List of people from Charleston, South Carolina

From Wikipedia, the free encyclopedia
Jump to navigation Jump to search

This is a list of notable people who were either born in, or have lived in, Charleston, South Carolina.



Military figures[edit]

Political figures[edit]

  • William Aiken, Jr. (1806–1887), Governor of South Carolina[2]
  • Judah P. Benjamin (1811–1884), U.S. Senator from Louisiana, Confederate States Secretary of State and Attorney General
  • James Francis Byrnes (1879–1972), U.S. Representative and Senator, Associate Justice of the Supreme Court, Secretary of State, and Governor of South Carolina
  • Floride Calhoun (1792–1866), Second Lady of the United States; wife of John C. Calhoun
  • John C. Calhoun (1782–1850), U.S. Representative and Senator, Vice President, Secretary of State, and Secretary of War
  • Henry William de Saussure (1763–1839), second director of United States Mint; intendant (mayor) of Charleston
  • William Drayton, Sr. (1733–1790), associate justice of South Carolina Supreme Court[2]
  • Christopher Gadsden (1724–1805), American Revolutionary War leader
  • James Gadsden (1788–1858), U.S. minister to Mexico; president of the South Carolina Railroad Company
  • Robert Young Hayne (1791–1839), Mayor of Charleston 1836–1837; United States Senator 1823–1833; Governor of South Carolina[3]
  • Thomas Heyward, Jr. (1746–1809), signer of the Declaration of Independence
  • Fritz Hollings (born 1922), United States Senator from South Carolina; Governor and Lieutenant Governor of South Carolina
  • Henry Laurens (1724–1792), American Revolutionary War leader
  • Burnet Maybank (1899–1954), Charleston mayor (1931–1935); South Carolina governor (1939–1941); United States Senator from South Carolina[4]
  • Christopher Memminger (1803–1888), Confederate Minister of the Treasury; proponent of public schools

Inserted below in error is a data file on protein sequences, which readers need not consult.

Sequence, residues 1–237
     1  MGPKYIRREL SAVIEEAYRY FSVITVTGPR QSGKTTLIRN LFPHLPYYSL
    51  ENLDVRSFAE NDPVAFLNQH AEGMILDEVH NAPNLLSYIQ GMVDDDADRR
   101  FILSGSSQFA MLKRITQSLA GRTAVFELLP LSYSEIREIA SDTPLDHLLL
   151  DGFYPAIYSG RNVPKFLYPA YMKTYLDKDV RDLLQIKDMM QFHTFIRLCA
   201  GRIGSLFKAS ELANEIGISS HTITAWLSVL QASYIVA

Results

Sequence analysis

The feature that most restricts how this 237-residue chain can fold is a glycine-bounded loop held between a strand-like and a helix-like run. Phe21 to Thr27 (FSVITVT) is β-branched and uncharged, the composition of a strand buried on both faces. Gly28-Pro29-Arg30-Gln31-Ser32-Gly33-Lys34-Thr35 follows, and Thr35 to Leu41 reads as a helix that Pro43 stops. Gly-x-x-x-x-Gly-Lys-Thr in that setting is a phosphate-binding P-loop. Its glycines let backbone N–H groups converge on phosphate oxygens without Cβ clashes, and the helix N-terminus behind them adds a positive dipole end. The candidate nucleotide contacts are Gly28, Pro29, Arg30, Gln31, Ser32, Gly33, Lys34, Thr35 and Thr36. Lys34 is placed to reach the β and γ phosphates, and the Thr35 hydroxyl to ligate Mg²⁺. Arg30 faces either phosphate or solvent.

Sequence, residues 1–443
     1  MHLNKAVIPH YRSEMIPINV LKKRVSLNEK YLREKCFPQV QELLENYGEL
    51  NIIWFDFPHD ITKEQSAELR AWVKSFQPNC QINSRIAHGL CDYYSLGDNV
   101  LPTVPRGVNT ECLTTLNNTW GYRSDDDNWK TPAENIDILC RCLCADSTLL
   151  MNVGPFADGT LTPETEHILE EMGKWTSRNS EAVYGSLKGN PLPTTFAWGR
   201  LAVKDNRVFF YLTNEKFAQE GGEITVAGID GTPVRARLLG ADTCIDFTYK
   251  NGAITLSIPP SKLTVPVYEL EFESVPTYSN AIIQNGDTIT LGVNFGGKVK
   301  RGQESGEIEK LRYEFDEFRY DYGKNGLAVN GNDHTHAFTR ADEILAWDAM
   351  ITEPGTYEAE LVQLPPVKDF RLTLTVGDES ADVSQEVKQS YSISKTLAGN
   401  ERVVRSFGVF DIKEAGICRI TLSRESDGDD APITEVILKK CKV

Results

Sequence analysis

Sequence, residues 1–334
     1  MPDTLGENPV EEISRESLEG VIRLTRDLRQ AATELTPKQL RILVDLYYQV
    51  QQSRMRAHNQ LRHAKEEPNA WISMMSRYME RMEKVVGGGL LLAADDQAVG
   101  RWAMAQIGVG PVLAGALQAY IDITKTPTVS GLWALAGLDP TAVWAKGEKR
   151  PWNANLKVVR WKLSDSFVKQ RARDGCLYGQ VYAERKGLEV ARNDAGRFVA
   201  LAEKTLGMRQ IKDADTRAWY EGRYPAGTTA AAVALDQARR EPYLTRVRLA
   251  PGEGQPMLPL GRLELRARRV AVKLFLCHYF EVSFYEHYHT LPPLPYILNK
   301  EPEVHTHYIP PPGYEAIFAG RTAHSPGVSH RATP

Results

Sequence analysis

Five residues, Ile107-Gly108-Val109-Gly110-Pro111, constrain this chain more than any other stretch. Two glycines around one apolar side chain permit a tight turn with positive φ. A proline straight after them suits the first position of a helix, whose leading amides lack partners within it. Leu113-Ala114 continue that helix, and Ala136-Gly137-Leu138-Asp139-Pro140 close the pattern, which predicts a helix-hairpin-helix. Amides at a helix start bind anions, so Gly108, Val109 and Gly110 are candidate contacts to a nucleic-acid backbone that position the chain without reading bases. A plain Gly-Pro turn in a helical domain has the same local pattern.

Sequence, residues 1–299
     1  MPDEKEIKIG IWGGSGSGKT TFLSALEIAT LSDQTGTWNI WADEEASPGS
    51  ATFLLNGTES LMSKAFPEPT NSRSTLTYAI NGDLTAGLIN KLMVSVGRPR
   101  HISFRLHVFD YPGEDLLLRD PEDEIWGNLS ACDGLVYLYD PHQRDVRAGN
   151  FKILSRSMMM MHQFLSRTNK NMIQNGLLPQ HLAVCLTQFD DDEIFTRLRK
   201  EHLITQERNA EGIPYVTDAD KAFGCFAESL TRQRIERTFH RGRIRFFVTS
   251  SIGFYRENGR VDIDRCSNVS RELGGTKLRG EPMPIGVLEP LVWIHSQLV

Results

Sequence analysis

• William Porcher Miles (1822–1899), lawyer; Mayor of Charleston 1855-1857; U.S. Representative from South Carolina; member of the Confederate Congress; designed the Confederate battle flag[5]
  • Thomas Parker (1760–1820), U.S. District Attorney for S.C. 1792–1820; married daughter of William Henry Drayton, Mary Drayton[6]
  • Charles Cotesworth Pinckney (1746–1825), American Revolutionary War leader; United States Ambassador to France; Federalist candidate for President in the 1804 and 1808 United States presidential elections
  • Joel Roberts Poinsett (1779–1851), botanist, politician, and diplomat; U.S. Representative; United States Ambassador to Mexico, Secretary of War; founded precursor to the Smithsonian Institution; namesake of the poinsettia
  • Joseph P. Riley, Jr. (born 1943), Mayor of Charleston 1975-2015
  • Joseph O. Rogers, Jr. (1921–1999), member of the South Carolina House of Representatives from Clarendon County 1955–1966; Republican gubernatorial nominee in 1966; reared in Charleston; spent adult years in Manning
  • Edward Rutledge, signed the U.S. Declaration of Independence; Governor of South Carolina, 1798-1800
  • John Rutledge, President of South Carolina, 1776-1778; Commander and Chief of South Carolina forces during Revolutionary War; Governor of South Carolina, 1779-1782; second Chief Justice of the U.S. Supreme Court; signed the U.S. Constitution
  • James Skivring Smith (1825–1884), President of Liberia, 1871-1872
  • George Alfred Trenholm (1807–1876), Confederate States Secretary of the Treasury
  • Bill Workman (born 1940), Charleston native; mayor of Greenville, 1983-1995; economic development specialist


Writers and artists[edit]



  1. ^ Jones, Mark R (2006). Wicked Charleston: Prostitutes, Politics and Prohibition (illustrated ed.). The History Press. pp. 19–23. ISBN 9781596291348. Retrieved 13 May 2015. 
  2. ^ a b c Who Was Who in America, Historical Volume, 1607-1896. Chicago: Marquis Who's Who. 1963. 
  3. ^ "Robert Young Hayne"
  4. ^ "Burnet Rhett Maybank" Archived 2010-12-17 at the Wayback Machine.
  5. ^ "William Porcher Miles"
  6. ^ O'Neall, John Belton (1859). "Thomas Parker". Biographical sketches of the bench and bar of South Carolina. 2. Charleston, S.C.: S.G. Courtenay & Co. pp. 47–50. Retrieved October 21, 2011. 
  7. ^ "Garland Erastus Bayliss". Bryan-College Station Eagle. May 28, 2015. Retrieved June 27, 2015. 
  8. ^ Leigh Guidry (March 25, 2015). "LC board names South Carolina VP as ninth president". The Alexandria Town Talk. Retrieved July 23, 2015. 

External links[edit]